(formerly IRIN News) Journalism from the heart of crises

IRC reviews option to resume activities

WFP trucks have become under increasing attacks in parts of Afghanistan.

The International Rescue Committee (IRC) says it is still "reviewing and analysing" the security situation before deciding whether to resume activities in Afghanistan.

The IRC, an international NGO, suspended operations after four of its staff (three internationals and one national) were assassinated by armed men in Logar Province on 13 August.

The attack - for which Taliban insurgents claimed responsibility - was widely condemned.

"Local communities are anxious to see our programmes resume," Ciaran Donnelly, IRC's country director, told IRIN.

"We want to serve the Afghan people and we hope to resume some programmes in the near future," Donnelly said.

The IRC has been in Afghanistan for more than 20 years providing humanitarian and developmental assistance.

Unprecedented risks

Afghan and international aid organisations such as the International Committee of the Red Cross (ICRC) and the UN have frequently voiced concerns about shrinking humanitarian operating space because of insurgency-related violence.

At least 24 aid workers (Afghans and internationals) have been killed in security incidents this year, according to the Afghanistan NGOs Safety Office (ANSO).

Figures compiled by ANSO from 25 of the 34 provinces revealed 117 security incidents involving NGOs and aid workers from 1 January to 31 August 2008.

An international aid worker, who preferred anonymity, said: "Aid workers are suffering unprecedented attacks ... Never before were they attacked so widely, repeatedly and deliberately".

In the most recent incident, three Afghans working for the UN were killed in a suicide attack on their convoy in the Spin Boldak District, in southern Kandahar Province, on 14 September, the UN said.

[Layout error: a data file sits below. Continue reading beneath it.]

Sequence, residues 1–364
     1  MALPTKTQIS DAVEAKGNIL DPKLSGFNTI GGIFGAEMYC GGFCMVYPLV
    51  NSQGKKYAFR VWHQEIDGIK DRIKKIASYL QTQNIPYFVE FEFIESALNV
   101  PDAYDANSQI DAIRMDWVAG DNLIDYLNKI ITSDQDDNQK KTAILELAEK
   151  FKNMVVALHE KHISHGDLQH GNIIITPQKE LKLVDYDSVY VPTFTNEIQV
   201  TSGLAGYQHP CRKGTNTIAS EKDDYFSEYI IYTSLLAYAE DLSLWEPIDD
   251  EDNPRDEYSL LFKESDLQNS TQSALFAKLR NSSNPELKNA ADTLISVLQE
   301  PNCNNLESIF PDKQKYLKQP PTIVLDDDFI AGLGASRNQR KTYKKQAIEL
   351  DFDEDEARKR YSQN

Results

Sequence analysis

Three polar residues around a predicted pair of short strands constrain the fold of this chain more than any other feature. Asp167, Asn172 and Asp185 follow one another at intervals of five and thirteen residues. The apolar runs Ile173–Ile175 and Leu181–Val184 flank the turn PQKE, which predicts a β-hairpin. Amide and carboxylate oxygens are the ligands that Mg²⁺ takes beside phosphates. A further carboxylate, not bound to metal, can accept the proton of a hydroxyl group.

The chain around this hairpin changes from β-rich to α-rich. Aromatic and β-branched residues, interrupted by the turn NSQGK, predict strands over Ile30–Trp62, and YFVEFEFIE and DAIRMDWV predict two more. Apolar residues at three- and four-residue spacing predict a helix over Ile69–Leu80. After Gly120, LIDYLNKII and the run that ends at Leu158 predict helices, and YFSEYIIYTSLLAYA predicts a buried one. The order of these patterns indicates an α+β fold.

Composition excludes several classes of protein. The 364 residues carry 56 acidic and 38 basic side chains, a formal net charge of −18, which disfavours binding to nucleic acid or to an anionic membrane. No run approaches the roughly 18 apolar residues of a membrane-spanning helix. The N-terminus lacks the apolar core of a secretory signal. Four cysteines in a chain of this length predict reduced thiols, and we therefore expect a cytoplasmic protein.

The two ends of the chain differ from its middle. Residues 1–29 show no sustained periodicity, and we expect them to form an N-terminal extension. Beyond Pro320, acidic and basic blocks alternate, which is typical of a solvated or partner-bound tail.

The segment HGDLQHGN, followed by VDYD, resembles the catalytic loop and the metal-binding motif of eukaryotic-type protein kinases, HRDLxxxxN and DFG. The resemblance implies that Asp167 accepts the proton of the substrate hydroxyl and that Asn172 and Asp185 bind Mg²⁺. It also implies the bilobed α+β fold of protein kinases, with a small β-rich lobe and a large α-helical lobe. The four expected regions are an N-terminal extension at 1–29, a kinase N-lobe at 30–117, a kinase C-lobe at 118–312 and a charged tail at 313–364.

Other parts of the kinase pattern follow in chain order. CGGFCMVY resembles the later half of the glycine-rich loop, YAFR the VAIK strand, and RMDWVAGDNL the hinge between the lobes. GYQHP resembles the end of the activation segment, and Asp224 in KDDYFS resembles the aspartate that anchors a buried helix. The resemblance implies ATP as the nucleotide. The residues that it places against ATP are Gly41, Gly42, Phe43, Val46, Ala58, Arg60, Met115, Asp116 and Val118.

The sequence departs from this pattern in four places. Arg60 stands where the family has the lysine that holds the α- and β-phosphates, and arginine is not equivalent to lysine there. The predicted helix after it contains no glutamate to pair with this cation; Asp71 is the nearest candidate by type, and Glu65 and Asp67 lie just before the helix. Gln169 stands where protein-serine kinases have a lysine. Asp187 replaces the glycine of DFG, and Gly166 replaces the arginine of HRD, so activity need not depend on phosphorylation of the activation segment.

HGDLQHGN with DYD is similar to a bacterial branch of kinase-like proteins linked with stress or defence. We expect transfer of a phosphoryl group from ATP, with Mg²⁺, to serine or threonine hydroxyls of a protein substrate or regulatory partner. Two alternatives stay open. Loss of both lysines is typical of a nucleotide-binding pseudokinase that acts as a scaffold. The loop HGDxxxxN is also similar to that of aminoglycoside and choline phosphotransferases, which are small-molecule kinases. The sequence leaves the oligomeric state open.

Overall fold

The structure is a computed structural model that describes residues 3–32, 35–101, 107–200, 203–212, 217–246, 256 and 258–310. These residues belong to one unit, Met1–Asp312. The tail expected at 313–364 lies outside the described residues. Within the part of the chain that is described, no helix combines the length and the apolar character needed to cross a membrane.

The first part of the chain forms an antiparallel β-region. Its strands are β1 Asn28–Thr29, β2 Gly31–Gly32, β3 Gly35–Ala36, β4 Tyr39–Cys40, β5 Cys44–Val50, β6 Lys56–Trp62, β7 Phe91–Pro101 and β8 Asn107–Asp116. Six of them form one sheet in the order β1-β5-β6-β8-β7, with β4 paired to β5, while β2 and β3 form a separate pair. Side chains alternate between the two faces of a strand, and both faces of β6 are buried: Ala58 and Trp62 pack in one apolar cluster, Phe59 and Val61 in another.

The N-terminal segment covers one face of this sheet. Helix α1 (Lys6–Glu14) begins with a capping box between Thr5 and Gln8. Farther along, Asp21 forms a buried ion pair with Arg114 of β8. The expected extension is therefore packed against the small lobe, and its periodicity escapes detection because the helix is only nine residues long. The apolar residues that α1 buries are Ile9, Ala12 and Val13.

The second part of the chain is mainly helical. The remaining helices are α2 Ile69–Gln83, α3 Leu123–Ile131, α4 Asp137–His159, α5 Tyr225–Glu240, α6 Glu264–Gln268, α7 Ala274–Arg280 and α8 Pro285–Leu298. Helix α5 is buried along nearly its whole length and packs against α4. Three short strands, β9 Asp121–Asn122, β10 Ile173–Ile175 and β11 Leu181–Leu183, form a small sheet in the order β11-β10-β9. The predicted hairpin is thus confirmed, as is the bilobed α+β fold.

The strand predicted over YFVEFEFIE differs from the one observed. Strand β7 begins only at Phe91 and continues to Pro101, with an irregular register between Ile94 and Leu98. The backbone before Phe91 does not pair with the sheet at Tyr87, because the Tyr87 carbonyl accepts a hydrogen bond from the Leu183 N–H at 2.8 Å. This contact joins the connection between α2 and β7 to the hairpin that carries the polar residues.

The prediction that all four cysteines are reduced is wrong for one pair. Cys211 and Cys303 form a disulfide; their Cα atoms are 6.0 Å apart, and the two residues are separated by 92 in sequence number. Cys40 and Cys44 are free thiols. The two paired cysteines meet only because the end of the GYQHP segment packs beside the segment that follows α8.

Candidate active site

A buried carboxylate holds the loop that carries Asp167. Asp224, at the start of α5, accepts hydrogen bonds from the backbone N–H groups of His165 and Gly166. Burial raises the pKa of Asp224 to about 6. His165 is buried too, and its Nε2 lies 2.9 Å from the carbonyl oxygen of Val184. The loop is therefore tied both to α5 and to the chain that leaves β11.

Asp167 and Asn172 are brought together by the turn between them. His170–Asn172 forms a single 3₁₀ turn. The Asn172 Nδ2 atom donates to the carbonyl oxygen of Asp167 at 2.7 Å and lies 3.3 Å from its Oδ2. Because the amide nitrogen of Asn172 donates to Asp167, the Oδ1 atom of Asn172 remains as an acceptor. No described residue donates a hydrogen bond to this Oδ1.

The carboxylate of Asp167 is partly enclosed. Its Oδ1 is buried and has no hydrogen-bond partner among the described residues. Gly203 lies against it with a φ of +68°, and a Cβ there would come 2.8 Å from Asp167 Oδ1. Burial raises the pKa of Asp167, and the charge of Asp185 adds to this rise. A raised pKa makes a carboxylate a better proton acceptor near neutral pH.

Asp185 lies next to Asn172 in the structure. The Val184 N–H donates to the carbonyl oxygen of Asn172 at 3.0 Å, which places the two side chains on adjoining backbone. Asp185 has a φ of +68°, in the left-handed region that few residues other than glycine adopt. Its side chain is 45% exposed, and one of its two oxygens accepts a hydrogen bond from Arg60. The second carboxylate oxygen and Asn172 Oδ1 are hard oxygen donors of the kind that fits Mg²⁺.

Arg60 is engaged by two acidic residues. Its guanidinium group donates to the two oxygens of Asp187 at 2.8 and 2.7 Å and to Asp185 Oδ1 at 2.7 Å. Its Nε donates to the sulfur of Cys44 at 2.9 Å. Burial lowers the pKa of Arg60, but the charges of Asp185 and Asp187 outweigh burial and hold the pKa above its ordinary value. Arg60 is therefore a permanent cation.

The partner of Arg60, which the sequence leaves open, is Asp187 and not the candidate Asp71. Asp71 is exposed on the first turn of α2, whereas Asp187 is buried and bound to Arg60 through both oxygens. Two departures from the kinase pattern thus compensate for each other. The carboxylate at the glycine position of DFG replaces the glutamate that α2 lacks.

The convoy was carrying doctors to assess polio vaccination in Spin Boldak, which borders Pakistan.

"These unacceptable and cowardly actions show the brutal face of those opposing progress towards peace and reconstruction in Afghanistan," the UN Secretary-General said in a statement.

Reliance on communities

"We don't use armed escorts, we don't use armed vehicles and bullet-proof vests; we rely on protection from communities," said Donnelly.

But civilians have also been the victim of attacks and violence across the nation and therefore communities are deemed unable to protect aid workers from belligerent armed groups.

The IRC echoed calls made earlier by the ICRC and other aid agencies: "We call on all warring parties to respect International Humanitarian Law and restrain from attacks on civilian people and aid workers".


The IRC said aid workers had come under attack mostly due to "misperceptions".

"Some people think aid organisations are supporting western military forces," said Donnelly. "This perception is incorrect. Aid agencies are impartial actors and don't take sides in conflict."

Others such as Oxfam International say the increased involvement of military forces in humanitarian and development activities had caused a "blurring of lines" and fuelled misperceptions.

Whatever the reason for the increasing attacks on aid workers, it has become too risky for humanitarians and development workers to assist vulnerable Afghans, experts say.


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